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Prosecutor in slaying of gay Puerto Rican rapper Kevin Fret says she was instructed to stop investigating

Justice Secretary Domingo Emanuelli Hernández said his department will look into allegations by prosecutor Betzaida Quiñones Rodríguez "to assess whether there was any illegal action.”
Kevin Fret in the music video for "Soy Asi."
Kevin Fret in the music video for "Soy Asi."@FretFamily via YouTube

The prosecutor assigned to investigate the killing of gay Puerto Rican rapper Kevin Fret in 2019 said this week that she was instructed to stop her probe and was never given an explanation.

Betzaida Quiñones Rodríguez made the allegations in multiple local media outlets in Puerto Rico. She said the investigation was shut down just three months after Fret's death by order of Olga Castellón, who was the chief prosecutor at the Puerto Rico Justice Department at the time.

Fret was shot multiple times while riding his motorcycle on January 2019 in Santurce, a neighborhood in the San Juan metropolitan area. No one has been arrested or indicted in connection to his death.

The 24-year-old rapper had recently broken into the Latin trap music scene with his debut single “Soy Así,” which translates to “I’m this way,” a song that celebrates being unapologetic about one’s life. This was a sentiment Fret subscribed to and he encouraged others to do the same as an outspoken advocate for the LGBTQ community.

While Quiñones Rodríguez said she received her instructions from Castellón, "I cannot separate from this the secretary of justice at the time, Wanda Vázquez, because the chief prosecutor reports to the secretary of justice," Quiñones Rodríguez told Puerto Rico's largest daily newspaper, El Nuevo Día, in Spanish. "Since this is a case of high public interest, there had to be constant communication between the chief prosecutor and the secretary of justice."

Vázquez was Puerto Rico’s secretary of justice from 2017 to 2019, but later became the governor of Puerto Rico after embattled Gov. Ricardo Rosselló was forced to resign over his involvement in a chat scandal that triggered masses of outraged Puerto Ricans to take the streets, demanding his ouster. She governed until the end of 2020.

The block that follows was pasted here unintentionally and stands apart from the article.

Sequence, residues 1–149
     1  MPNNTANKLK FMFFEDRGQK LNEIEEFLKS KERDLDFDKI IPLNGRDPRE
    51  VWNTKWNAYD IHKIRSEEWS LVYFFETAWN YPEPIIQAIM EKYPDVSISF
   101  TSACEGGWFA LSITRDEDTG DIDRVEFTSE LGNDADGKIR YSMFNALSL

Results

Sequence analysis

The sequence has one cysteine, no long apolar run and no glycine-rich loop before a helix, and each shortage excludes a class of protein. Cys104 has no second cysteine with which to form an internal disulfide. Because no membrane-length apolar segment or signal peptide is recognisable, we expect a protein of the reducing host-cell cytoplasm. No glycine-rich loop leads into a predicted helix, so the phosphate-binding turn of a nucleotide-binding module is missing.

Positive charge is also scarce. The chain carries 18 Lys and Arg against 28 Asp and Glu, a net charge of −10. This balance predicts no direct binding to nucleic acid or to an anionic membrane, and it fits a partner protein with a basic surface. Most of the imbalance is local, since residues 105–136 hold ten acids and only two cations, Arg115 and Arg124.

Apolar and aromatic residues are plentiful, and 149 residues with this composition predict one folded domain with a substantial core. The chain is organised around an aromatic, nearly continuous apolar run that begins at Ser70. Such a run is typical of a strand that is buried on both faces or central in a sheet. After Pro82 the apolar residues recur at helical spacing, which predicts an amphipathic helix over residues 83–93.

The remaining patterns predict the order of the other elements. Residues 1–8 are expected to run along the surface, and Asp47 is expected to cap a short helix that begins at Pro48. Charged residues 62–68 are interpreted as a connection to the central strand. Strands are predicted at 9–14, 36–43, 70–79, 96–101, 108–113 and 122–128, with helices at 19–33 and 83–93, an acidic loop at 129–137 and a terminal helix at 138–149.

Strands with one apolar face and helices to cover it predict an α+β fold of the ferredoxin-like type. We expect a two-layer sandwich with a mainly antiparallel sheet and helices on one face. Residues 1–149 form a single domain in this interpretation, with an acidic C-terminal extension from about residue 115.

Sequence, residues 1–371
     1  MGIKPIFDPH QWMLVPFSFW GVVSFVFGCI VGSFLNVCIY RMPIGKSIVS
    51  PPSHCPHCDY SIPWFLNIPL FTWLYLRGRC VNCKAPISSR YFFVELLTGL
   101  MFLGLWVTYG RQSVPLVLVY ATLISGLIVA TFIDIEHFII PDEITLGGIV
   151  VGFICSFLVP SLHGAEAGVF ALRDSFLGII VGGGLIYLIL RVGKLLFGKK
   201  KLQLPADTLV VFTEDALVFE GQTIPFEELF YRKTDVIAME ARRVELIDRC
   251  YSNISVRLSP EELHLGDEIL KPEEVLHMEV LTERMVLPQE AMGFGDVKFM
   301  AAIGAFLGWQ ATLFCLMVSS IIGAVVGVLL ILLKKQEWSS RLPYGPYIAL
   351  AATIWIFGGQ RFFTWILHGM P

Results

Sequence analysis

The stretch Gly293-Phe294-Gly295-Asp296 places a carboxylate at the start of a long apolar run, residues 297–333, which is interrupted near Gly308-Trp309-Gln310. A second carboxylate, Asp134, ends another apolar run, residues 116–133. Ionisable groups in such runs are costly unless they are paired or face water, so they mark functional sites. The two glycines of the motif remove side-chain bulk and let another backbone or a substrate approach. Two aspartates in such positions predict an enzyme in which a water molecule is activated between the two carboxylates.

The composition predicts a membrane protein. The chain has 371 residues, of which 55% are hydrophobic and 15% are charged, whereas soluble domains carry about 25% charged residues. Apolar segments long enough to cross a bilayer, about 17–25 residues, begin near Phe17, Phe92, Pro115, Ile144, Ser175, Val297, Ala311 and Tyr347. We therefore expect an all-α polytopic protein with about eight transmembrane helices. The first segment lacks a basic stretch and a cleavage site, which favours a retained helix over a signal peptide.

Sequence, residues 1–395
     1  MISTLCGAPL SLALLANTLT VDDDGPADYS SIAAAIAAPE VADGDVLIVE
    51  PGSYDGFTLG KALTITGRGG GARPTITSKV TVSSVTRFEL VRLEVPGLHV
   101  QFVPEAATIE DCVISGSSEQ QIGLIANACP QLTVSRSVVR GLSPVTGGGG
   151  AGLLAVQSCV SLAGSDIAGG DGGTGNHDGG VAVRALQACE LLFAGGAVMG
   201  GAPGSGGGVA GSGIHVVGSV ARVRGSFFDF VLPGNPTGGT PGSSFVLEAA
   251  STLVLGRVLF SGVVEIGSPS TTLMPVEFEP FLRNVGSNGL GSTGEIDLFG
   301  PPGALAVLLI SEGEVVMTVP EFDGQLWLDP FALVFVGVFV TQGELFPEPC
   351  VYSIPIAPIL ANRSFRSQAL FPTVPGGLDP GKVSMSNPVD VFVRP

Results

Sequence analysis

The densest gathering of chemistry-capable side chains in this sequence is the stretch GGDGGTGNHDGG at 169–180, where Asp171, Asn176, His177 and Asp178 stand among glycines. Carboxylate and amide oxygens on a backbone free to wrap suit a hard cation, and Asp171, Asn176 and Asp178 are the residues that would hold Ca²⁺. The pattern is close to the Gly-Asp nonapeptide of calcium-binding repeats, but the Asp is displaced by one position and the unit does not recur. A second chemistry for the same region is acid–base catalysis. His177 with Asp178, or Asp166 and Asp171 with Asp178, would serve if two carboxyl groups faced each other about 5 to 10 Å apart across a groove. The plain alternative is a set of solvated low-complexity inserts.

Fret's case gained more prominence when his mother, Hilda Rodríguez, publicly accused reggaeton star Jan Carlos Ozuna, known artistically as Ozuna, and his manager, Vicente Saavedra, of being involved in her son's killing.

Ozuna at the 2018 Latin Grammy Awards.
Ozuna at the 2018 Latin Grammy Awards. MediaPunch / IPx / AP

Ozuna had accused Fret of extortion. Fret was allegedly asking Ozuna for money in exchange of not publishing damming information about the reggaeton singer.

Rodríguez has maintained that her son did not engage in extortion.

Rodríguez doubled down on her accusations against Ozuna and Saavedra this week in an interview with NotiUno 630 AM following Quiñones Rodríguez’s comments.

"I knew this could come to light," Rodriguez said in Spanish. "The two of them have to pay for what they did."

Antonio Sagardía, Ozuna's lawyer, told NBC News he would not be commenting on the matter related to the prosecutor in Fret's case. He also declined to respond to Rodríguez's comments about Ozuna since it's "not based on any evidence related to the case," Sagardía said in Spanish.

Saavedra did not respond to a request for comment.

Assessing to see if there 'was any illegal action'

Quiñones Rodríguez alleged her investigation into Fret's death was halted during "its most critical stage," adding that following allegations about public figures in connection to the investigation, "it was decided and instructions were given to me to stop the investigation."

Puerto Rico Justice Secretary Domingo Emanuelli Hernández said Thursday his department will look into the allegations made by Quiñones Rodríguez “to assess whether there was any illegal action.”

"After examining the reports and documents related to the case, I referred this matter to the Division of Public Integrity and Comptroller Affairs," Emanuelli Hernández said in a statement in Spanish. "These are serious allegations that must be examined in greater detail."

Emanuelli Hernández added that shutting down an investigation "does not constitute an illegal act" unless it lacks a proper legal justification.

Quiñones Rodríguez's allegations add to the scrutiny Vázquez, the former governor, is facing after she was arrested on bribery charges three months ago. She has plead not guilty and is expected to go to trial.

"They have to investigate this lady and Olga Castellón as well," Rodríguez told NotiUno 630 AM.

Ignacio Fernández De Lahongrais, an attorney for Vázquez, did not respond to a request for comment. Attempts to contact Castellón were unsuccessful.

Quiñones Rodríguez is still the prosecutor in charge of investigating Fret's death as of Friday.

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